For about fifteen minutes after his departure, Mom slammed doors in the kitchen before she shuffled to the bathroom. The next ten minutes were the most important of the evening to me. If I managed to open my bedroom door, slide down the hall to the kitchen, and sneak through the living room to the garage while she was in the shower, I was free…

To read the rest of the story: http://amzn.com/1537743813



Author: J.L. Greger usually writes thrillers and mysteries, such as Murder…A Way to Lose Weight (winner of 2016 Public Safety Writers Association [PSWA] annual contest and finalist in NM/Arizona Book Awards contest) and Malignancy (winner in 2015 PSWA annual contest). The Good Old Days?: A Collection of Stories is a new adventure for her. Please visit her revised website: http://www.jlgreger.com

Tuesday, October 11, 2016

SUPER SLEUTH: FIVE ALISON LEIGH POWERS MYSTERIES by gay toltl kinman



Alison Leigh Powers, Super Sleuth, middle-reader mystery series includes The Secret of the Strange Staircase, The Mystery of the Missing Miniature Books (an Independent E-Book Awards Finalist), The Mystery of the Octagon House (EPPIE Award Winner, Agatha Award Nominee, and an Independent E-Book Award Finalist), The Mystery of the Missing Arabian, and The Secret of the Equestrian Park—currently available in electronic formats and in paperback under the title Super Sleuth: Five Alison Leigh Powers Mysteries.

GILLY'S DIVORCE: OR DON'T MAKE THE MISTAKES I DID by gay toltl kinman

The first part of the book is fiction, and the manual is non-fiction.   In Divorce, Gilly, 11, tells how she copes, some days not at all, with the impending divorce of her parents. Her younger sister, Honey, gets into serious trouble, and her two older sisters complicate matters. Mom gets a boyfriend and Dad gets a girlfriend.   In her Manual and Advice on Coping With Your Divorce, Gilly gives advice about what she learned so that others won't have to go through the same heartbreak, and thoughts of suicide.

THE ADVENTURES OF LAUREN MACPHEARSON by gay toltl kinman

Lauren, 9 1/2, who comes from Scotland, has elective mutism, but that doesn't stop her from having adventures, which she tells us about in four stories of her encounters with thieves, bears, forest fires, white water, biting horses, stolen art and ghosts from April to August.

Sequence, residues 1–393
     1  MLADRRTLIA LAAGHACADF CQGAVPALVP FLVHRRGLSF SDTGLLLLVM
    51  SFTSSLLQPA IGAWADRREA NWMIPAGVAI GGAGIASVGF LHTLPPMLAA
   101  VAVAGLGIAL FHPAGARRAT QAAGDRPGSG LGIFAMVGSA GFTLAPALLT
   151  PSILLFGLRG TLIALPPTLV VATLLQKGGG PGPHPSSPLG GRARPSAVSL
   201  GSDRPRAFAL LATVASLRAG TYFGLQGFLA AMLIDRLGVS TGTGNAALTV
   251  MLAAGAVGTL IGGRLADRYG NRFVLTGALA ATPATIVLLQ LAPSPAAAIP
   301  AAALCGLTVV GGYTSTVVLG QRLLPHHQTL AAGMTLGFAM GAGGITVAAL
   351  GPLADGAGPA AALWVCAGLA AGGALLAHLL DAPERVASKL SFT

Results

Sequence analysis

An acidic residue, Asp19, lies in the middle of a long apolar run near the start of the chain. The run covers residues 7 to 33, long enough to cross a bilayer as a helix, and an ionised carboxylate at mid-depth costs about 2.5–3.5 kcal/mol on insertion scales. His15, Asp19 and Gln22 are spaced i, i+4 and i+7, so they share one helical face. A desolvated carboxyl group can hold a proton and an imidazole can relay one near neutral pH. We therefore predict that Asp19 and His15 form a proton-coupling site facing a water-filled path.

VOLUME ONE: LAUREN MACPHEARSON AND THE SCOTTISH ADVENTURE In April, in Scotland, Lauren stays the weekend with her father, where he works, sees the Company's cat, Ginger, catch her own special brand of "mice," and watches a pain-in-the-neck eat crow pie. 

VOLUME TWO: LAUREN MACPHEARSON AND THE COLORADO ADVENTURE In June, Lauren flies to a Colorado Dude Ranch to meet cousin Andi, Aunt Daisy (her deceased mother's sister) and Uncle Bill. She meets up with bears, forest fires, white water--and, worst of all, a three-year old boy. 

VOLUME THREE: LAUREN MACPHEARSON AND THE JUMBLED CUPBOARD ADVENTURE In July, in Mirasol, California, where Andi and her family live, the girls go to Summer School. Lauren is fascinated with the stuffed cupboard of a teacher, Mrs. Utamaro. So stuffed that things keep falling out of it. A beautiful poster on the inside of the cupboard door is of a wave. The original print hangs in a local museum. Or does it? 

VOLUME FOUR: LAUREN MACPHEARSON AND THE GHOSTLY ADVENTURE In August, while Lauren continues her visit with cousin Andi in Mirasol, she learns that her cousin is psychic. The ghost of the woman who died next door won't let Andi rest until her murder is solved. Genres: Middle Reader / Mystery / Detective.

WOLF CASTLE by gay toltl kinman

Wolf Castle is an eerily beautiful castle settled on the Pacific coast of California. Built by an eccentric Baron who dabbled as a naturalist and scientist, it has seen its share of tragedies. The old Baron died in a mysterious fire, and the young wife of the current Baron, Gregor von Reiner, died unexpectedly only a year ago.